When two substances interact, their effect can be additive—meaning, the same as if you had taken them separately; antagonistic, meaning one or both cancels out the other to some degree; or synergistic, meaning exponential, more than either could have achieved alone. The last one is why anxiety medication is not to be fucked with. Take a benzo, and you might become relaxed. Take it with painkillers or alcohol, and you might become so relaxed you stop breathing. (And because Xanax remains a popular selection for taking the edge off of coke, a gentle reminder that you always risk over-sedation when you mix benzos with anything, even if that other thing is not also a sedative.)
It's usually okay to drink moderately on your more standard SSRIs (the largest category of the newer generation of antidepressants, which act on the neurotransmitter serotonin). They contain most of the big names—Prozac, Zoloft, Celexa, and so forth, though you should still go over everything with your doctor. The belief that depression is caused by a deficiency of serotonin in the brain is reductive and not really an answer, but the internet loves to tell you you're depressed because your brain doesn't have enough happy juice nonetheless.
This fixation with serotonin has resulted in some overemphasis of serotonin syndrome, in which serotonergic substances have been combined to deliver too much of the stuff—so, a combo like an SSRI and MDMA. We associate the overload with drugs that, like MDMA, release serotonin, but people don't usually realize it can also be brought on by amphetamines like cocaine that block serotonin reuptake.
Serotonin syndrome can be serious, but the attention it gets online has resulted in a lot of misinformation that might be just as bad. Because the internet's told MDMA-seekers that their antidepressant will either kill them or get in the way of their high, people will sometimes drop their meds ahead of time if they know they'll be rolling on a set date, like a music festival. I've done variations of it myself—I'm not here to judge—but I want to make sure you're aware that this is serious, too.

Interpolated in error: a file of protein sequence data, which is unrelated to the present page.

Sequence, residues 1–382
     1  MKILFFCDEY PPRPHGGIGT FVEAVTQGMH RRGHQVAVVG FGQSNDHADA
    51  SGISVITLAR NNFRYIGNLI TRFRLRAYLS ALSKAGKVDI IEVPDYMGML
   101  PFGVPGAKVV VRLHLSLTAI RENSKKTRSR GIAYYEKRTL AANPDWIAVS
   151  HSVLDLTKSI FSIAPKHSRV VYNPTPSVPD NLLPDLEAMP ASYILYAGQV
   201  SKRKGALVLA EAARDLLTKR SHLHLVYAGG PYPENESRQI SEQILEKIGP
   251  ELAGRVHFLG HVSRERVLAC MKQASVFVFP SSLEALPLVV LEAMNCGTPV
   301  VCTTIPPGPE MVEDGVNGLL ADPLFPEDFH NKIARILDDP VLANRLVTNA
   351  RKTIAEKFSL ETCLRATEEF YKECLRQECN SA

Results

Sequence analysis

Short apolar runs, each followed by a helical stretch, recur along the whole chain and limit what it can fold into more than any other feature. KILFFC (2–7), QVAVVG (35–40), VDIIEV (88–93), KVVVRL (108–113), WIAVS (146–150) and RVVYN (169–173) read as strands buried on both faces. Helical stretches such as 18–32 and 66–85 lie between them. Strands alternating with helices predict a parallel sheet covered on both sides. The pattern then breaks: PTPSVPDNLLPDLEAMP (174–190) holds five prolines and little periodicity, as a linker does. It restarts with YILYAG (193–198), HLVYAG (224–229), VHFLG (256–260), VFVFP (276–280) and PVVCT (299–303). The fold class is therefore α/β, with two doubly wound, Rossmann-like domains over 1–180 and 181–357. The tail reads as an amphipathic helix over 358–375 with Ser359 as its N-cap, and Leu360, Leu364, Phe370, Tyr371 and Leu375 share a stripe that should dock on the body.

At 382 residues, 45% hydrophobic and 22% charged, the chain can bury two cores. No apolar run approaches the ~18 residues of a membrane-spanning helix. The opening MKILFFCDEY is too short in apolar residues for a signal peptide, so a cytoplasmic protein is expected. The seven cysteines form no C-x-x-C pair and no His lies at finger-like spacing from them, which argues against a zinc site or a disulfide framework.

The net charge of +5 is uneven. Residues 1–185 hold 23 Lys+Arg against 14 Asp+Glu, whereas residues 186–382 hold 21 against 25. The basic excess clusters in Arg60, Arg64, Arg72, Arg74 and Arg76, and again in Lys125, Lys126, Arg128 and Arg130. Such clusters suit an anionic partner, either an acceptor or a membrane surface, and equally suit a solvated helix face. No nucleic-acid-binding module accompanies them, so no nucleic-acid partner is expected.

Whatever you're on, you probably remember spending about three to six weeks titrating it up to your current dose after it was first prescribed. I regret to inform you that it usually needs to leave your system the same way. Sudden discontinuation is dangerous no matter the drug(s) involved, which is why you've been told to never stop taking your medications without first consulting your doctor. (In the event you have not: Please never stop taking your medications without first consulting your doctor).
The most well-known mood-stabilizer, Lithium, is another one that merits extra caution because its mechanism of action is unique. Since it's a salt that works by reaching a certain level in your bloodstream, it has an unusually narrow therapeutic window—even a tiny increase can make you sick, because the difference between a therapeutic level and a toxic one is small. So if you introduce an additional substance with which it reacts synergistically, it can rocket you past the toxic threshold with less encouragement than you might think. Dehydration compounds Lithium toxicity, and if you are thinking that makes the drug riskier in combination with things like MDMA and alcohol because they dehydrate you already, you are correct. There's some evidence that Lithium and cocaine react antagonistically, so you could be working against your medication's effectiveness without even getting high for your trouble.